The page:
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Ophthalmic Images
July 14, 2016

Giant Ciliary Staphyloma 60 Years After Fireworks Injury

Author Affiliations
  • 1Ocular Oncology Service, Wills Eye Hospital, Thomas Jefferson University, Philadelphia, Pennsylvania

Copyright 2016 American Medical Association. All Rights Reserved. Applicable FARS/DFARS Restrictions Apply to Government Use.

JAMA Ophthalmol. 2016;134(7):e160824. doi:10.1001/jamaophthalmol.2016.0824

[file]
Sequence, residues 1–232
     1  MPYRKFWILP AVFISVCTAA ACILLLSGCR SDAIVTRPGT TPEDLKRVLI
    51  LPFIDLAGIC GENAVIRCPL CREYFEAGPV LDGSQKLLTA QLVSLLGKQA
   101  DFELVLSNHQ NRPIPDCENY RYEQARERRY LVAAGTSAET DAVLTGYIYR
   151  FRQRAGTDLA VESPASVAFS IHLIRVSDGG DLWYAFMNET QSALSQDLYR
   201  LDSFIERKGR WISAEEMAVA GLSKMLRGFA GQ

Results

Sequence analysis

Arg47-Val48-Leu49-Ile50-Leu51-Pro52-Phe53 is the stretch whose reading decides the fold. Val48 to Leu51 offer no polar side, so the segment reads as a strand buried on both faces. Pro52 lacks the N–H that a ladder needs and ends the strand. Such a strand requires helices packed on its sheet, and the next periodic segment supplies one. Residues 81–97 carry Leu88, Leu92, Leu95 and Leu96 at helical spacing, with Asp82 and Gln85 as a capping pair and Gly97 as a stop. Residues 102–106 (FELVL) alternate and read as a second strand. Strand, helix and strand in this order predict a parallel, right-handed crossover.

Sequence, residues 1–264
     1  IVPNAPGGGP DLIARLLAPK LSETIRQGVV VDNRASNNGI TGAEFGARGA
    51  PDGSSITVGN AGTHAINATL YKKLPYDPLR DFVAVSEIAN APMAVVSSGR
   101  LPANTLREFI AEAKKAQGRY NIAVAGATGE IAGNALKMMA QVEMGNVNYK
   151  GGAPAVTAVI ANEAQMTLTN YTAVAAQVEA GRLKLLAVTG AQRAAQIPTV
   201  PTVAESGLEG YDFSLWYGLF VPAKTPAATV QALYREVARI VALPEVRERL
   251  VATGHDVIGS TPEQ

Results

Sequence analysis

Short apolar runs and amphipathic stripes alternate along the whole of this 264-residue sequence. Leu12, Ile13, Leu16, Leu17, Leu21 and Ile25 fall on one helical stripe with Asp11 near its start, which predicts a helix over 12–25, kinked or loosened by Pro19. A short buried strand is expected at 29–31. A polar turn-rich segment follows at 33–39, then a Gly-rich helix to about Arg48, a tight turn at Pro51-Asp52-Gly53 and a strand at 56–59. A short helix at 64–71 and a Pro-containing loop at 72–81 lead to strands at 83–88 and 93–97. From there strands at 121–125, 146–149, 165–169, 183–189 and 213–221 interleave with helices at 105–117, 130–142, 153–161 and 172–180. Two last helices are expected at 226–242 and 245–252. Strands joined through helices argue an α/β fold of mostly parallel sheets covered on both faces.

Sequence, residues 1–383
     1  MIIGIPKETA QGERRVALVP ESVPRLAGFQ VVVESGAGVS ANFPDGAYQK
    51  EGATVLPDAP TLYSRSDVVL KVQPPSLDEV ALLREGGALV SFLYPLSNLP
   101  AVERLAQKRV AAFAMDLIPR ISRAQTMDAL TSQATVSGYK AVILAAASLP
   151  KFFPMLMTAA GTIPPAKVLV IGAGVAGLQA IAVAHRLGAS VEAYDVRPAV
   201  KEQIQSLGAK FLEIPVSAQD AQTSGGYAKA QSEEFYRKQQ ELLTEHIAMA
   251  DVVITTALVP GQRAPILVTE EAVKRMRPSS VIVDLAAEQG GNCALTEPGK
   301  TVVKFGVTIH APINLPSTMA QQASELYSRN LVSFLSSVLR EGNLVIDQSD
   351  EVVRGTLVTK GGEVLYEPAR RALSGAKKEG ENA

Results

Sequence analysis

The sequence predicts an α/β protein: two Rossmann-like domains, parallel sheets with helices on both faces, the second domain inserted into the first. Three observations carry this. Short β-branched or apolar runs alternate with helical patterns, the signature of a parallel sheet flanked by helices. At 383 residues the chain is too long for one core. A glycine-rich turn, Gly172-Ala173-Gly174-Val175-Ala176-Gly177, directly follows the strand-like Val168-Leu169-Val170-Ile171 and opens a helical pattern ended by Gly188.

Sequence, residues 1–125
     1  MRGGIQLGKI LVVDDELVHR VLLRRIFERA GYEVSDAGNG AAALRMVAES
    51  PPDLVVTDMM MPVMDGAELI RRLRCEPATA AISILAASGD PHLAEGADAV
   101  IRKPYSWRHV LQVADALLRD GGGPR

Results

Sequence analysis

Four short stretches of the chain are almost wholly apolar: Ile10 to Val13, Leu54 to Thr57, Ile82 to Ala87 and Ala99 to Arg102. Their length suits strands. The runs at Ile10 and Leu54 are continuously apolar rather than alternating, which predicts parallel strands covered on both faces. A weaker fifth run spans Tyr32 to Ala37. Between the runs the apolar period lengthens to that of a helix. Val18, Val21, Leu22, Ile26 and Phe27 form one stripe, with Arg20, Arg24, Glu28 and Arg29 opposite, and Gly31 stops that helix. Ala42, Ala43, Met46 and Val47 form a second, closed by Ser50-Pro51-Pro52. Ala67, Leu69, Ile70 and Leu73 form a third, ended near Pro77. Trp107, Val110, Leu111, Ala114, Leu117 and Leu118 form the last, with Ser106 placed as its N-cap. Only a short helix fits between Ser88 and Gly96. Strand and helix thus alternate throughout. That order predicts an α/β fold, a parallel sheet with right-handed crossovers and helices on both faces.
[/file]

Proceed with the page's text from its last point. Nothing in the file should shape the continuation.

A woman in her late 70s sustained a fireworks injury to the right eye as a teenager. Vision loss was immediate, and she had no surgical intervention. Low-grade ocular pain ensued. Forty years later, a lump was noted in the superior fornix that slowly expanded. On examination, visual acuity was no light perception OD and 20/20 OS. The right eye displayed a giant ciliary staphyloma encompassing 6 clock hours, 16 mm in elevation and draped with Tenon fascia and conjunctiva (Figure, A).1,2 Computed tomography demonstrated giant superior staphyloma and calcified lens remnant (Figure, B). Given her history and findings, enucleation was performed. The thin overlying tissues were carefully lifted, the globe was removed intact, and an implant was placed.

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